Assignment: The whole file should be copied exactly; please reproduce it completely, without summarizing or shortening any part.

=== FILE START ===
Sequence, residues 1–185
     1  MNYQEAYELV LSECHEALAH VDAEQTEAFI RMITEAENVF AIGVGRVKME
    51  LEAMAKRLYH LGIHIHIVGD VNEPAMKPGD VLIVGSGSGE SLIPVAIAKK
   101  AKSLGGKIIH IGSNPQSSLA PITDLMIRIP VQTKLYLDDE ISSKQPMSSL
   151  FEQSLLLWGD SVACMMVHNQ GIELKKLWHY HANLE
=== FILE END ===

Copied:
Sequence, residues 1–185
     1  MNYQEAYELV LSECHEALAH VDAEQTEAFI RMITEAENVF AIGVGRVKME
    51  LEAMAKRLYH LGIHIHIVGD VNEPAMKPGD VLIVGSGSGE SLIPVAIAKK
   101  AKSLGGKIIH IGSNPQSSLA PITDLMIRIP VQTKLYLDDE ISSKQPMSSL
   151  FEQSLLLWGD SVACMMVHNQ GIELKKLWHY HANLE